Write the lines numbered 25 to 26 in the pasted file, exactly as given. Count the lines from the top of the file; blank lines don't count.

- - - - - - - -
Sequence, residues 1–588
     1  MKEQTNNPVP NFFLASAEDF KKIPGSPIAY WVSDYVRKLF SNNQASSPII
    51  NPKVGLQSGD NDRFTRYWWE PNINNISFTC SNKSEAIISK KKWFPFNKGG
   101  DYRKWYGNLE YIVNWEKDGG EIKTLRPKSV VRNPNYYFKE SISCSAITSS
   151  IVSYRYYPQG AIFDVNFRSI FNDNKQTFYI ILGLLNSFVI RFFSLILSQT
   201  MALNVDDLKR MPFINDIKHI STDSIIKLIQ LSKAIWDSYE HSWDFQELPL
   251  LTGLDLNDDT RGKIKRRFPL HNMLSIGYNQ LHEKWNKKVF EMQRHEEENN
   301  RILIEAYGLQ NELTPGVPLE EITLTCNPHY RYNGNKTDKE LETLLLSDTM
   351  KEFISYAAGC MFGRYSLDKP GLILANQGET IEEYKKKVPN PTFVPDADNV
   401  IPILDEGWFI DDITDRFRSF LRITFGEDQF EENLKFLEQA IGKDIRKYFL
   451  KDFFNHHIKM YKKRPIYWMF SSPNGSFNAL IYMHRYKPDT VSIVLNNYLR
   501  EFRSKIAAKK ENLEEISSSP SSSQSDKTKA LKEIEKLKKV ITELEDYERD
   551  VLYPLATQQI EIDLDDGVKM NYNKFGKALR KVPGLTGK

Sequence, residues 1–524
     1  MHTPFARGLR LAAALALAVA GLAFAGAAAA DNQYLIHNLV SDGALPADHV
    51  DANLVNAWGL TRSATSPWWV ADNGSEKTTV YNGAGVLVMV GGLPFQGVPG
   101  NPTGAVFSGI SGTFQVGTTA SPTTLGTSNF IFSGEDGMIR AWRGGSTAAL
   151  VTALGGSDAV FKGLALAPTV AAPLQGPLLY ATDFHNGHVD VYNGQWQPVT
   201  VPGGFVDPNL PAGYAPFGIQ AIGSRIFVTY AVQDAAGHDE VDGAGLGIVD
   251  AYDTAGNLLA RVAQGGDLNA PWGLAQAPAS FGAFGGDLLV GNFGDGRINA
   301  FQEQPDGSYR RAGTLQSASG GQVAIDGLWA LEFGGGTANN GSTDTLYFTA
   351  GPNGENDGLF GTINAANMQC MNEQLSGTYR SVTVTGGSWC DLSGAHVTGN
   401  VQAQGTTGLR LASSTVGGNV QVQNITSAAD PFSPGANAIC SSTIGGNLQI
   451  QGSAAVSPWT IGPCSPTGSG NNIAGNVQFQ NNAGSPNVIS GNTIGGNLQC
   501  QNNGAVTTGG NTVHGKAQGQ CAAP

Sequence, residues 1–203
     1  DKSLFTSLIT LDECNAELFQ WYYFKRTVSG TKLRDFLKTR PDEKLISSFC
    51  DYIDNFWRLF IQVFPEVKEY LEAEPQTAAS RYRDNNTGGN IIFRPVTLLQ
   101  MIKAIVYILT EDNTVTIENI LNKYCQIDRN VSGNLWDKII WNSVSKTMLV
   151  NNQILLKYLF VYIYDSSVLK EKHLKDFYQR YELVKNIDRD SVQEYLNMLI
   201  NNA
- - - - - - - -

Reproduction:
   501  QNNGAVTTGG NTVHGKAQGQ CAAP

Sequence, residues 1–203